JAMA Logo Private room intensive care units seem to be extremely beneficial in declining infection rates. A latest study asserts that converting hospital intensive care units (ICUs) to private rooms leads to a decrease in the rate at which patients acquire infections. It was suggested that ICU environment with private rooms offer better infection control practices.

At the time of the study, investigators compared the rates of patient-acquired infections before and after a change from multibed rooms to single, private rooms, that was referred to as an intervention hospital. For the control group, data from patients admitted to a similar multibed facility at a second university hospital considered as comparison hospital was assessed. Infection rates for a total of 19,343 ICU admissions at both hospitals between 2000 and 2005 were thoroughly evaluated. Having converted the multibed ICU to all private rooms, the acquisition rate of infectious organisms probably altered.

Scientists add, “An ICU environment with private rooms may facilitate better infection control practices, therefore reducing the transmission of infectious organisms. Conversion to single rooms can substantially reduce the rate at which patients acquire infectious organisms while in the ICU.”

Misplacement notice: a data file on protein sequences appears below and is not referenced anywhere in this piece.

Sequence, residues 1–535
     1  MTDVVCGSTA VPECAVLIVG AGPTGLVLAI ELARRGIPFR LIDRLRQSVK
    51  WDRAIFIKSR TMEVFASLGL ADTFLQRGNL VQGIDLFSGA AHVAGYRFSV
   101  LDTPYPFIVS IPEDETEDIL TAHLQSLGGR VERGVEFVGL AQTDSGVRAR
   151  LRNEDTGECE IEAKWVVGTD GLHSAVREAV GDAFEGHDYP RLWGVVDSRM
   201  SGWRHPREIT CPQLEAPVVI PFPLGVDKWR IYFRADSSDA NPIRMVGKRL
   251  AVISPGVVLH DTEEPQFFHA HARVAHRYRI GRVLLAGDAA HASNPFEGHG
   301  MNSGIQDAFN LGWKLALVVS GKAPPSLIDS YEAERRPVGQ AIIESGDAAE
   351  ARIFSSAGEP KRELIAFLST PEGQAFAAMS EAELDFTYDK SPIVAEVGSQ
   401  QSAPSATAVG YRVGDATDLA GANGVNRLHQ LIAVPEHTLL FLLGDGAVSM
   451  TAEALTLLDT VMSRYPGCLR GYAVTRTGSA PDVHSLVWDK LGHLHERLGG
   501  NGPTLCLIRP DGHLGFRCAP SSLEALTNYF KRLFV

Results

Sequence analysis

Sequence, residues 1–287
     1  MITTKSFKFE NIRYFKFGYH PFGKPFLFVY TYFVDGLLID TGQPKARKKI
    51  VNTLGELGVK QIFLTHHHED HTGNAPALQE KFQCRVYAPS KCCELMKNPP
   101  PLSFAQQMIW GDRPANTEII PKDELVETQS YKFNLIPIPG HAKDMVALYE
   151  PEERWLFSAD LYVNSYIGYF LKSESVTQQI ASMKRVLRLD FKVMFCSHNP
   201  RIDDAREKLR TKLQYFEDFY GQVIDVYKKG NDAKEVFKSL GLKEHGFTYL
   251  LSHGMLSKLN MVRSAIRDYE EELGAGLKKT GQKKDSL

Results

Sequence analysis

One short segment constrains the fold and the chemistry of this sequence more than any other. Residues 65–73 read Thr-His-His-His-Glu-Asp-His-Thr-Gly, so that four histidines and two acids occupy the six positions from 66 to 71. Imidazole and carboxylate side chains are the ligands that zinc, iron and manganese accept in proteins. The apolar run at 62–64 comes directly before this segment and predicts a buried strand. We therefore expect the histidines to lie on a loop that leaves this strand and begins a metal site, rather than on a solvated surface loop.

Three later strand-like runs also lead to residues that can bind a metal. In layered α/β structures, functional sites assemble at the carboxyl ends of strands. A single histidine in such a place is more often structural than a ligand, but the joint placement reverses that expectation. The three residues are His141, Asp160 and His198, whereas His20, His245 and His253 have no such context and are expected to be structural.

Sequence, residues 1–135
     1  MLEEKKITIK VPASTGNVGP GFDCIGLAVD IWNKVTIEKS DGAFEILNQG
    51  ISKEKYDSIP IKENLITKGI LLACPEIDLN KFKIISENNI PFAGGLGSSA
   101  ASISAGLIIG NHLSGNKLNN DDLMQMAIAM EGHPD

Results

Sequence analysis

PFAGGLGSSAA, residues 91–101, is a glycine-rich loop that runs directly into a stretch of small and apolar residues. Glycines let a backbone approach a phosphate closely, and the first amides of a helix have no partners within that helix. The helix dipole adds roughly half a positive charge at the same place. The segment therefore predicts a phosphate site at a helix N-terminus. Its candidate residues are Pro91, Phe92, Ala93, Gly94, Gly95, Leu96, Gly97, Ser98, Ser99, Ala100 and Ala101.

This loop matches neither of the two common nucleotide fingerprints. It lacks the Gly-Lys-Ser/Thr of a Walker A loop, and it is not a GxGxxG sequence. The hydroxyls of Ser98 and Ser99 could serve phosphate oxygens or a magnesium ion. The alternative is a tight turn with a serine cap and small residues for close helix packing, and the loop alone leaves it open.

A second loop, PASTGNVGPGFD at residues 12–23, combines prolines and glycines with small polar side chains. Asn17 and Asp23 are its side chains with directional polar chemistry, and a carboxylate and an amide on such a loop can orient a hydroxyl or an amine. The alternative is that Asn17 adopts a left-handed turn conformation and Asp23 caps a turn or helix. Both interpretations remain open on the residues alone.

While methicillin-resistant Staphylococcus aureus (MRSA) seemingly reduced by 47 percent and the rate of Clostridium difficile acquisition decreased 43 percent, yeast acquisition declined by 51 percent. The adjusted rate of acquisition of C difficile, vancomycin-resistant Enterococcus species (VRE), and MRSA combined supposedly contracted by 54 percent after the transition from multibed rooms to private rooms.

The average length of stay for patients in the ICU at the comparison hospital apparently elevated at a steady speed. On the other hand, the average length of stay at the intervention hospital fluctuated, but no increase in the overall number was registered. Dana Y. Teltsch, M.Sc., and colleagues from McGill University, Montreal, noted that the average length of stay in the ICU declined by 10 percent on switching to private rooms.

The study is published in the January 10 issue of Archives of Internal Medicine, one of the JAMA/Archives journals.